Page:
I keep away from flags. They are trouble. I don’t fly a flag at my home, unless someone walks by and sticks a tiny one in the ground in front of my house on Independence Day. I hate that, because then I have to be responsible for it. Oh, god, there’s an American flag, now I have to make sure nothing bad happens to it. What if someone comes by and is walking their dog and the dog decides it wants to pee on it? I will have to watch constantly to make sure this does not occur. It is a burden, the tiny lawn flag. People should never put anything at all on my yard, hanging from my front door, pasted to my car, none of that. I mean, it’s my shit, get off! Would I come up to you and paste a bunch of stickies on your face with my blog URL? As good as a marketing idea as that may be, I would never. If I were going to cover a stranger with stickies, it would just be for fun.

I think I was thoroughly traumatized as a youngster about the flag. In grade school, they made a big deal about saying the Pledge Of Allegiance while raising the flag outside every morning. Kids took turns helping to unfold the flag, get it on the flagpole, and get it to the proper height. Oh, how I hated this task. I remember a teacher screaming her lungs out at some kid who let a corner of the flag drop in the springtime mud of the schoolyard. “PICK THAT UP! YOU LET IT TOUCH THE GROUND!” The poor boy turned white, then gray, then greenish and nearly jumped out of his Red Ball Jets. I was just really glad it wasn’t me. Stand at attention, hand over your heart, or else! I thought, what’s the deal, it’s a piece of fabric, you can’t throw it out when it gets old, you have to bury or burn it in some ceremony? Like it’s people? U.S. Flag Code says the flag should be treated as “a living thing.” Now really, try and say that to a kid and their eyes will get really big, and then narrow. It’s.A.Flag.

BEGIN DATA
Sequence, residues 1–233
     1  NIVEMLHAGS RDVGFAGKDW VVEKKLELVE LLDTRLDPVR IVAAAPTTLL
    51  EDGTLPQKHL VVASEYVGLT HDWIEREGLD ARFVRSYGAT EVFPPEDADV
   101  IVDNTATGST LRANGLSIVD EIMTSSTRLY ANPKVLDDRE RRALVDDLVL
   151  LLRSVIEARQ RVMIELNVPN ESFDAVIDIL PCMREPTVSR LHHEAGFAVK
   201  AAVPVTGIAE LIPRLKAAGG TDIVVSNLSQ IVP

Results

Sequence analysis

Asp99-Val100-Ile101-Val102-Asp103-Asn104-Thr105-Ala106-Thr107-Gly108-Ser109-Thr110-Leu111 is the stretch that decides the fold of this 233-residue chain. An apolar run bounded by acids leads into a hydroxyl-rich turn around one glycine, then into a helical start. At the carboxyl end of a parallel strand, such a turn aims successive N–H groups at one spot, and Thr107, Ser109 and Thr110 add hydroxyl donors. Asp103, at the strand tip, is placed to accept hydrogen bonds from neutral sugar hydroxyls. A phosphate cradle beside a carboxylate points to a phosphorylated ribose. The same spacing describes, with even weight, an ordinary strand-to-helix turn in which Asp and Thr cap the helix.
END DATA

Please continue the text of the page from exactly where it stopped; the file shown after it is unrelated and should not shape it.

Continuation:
Now I get that the flag is a symbol for many people, especially those unfortunate souls that had to live through being in a war or two or three. It stands for America and all that sort of freedom we enjoy here. It was probably a really super great thing to see after you’d been held in a Japanese POW camp for years, although I would think a nice busty American woman with a pretty smile would be even greater. And food that was not rancid rice. A woman and fresh food, those are good things to fight for. So, yes, I get what people think about the flag. But I look at it and know that it is a piece of nylon fabric, stitched together in some flag factory in China. The world won’t stop if it falls to the floor, is made into a snappy Mod-style jacket, or even if that dumb little dog pees on it.

I don’t think much of symbols that someone has assigned extra power to. I would rather spend some time thinking about a few of the individuals who, whether they volunteered or were conscripted into service, had to leave Here and go There. I would rather not say the Pledge of Allegiance to anything; I would rather say thanks to a man or woman who tried to deal with the games of the sick-minded and power-mad, probably saw things no one should ever see, and had to come back Here and make some sense of it. My take on being an American is that I can question Symbols and Pledges and Rules if I like, respect that some people have powerful attachments to Symbols and Pledges and Rules, and feel totally free to tell someone to get their peeing dog the hell off my yard.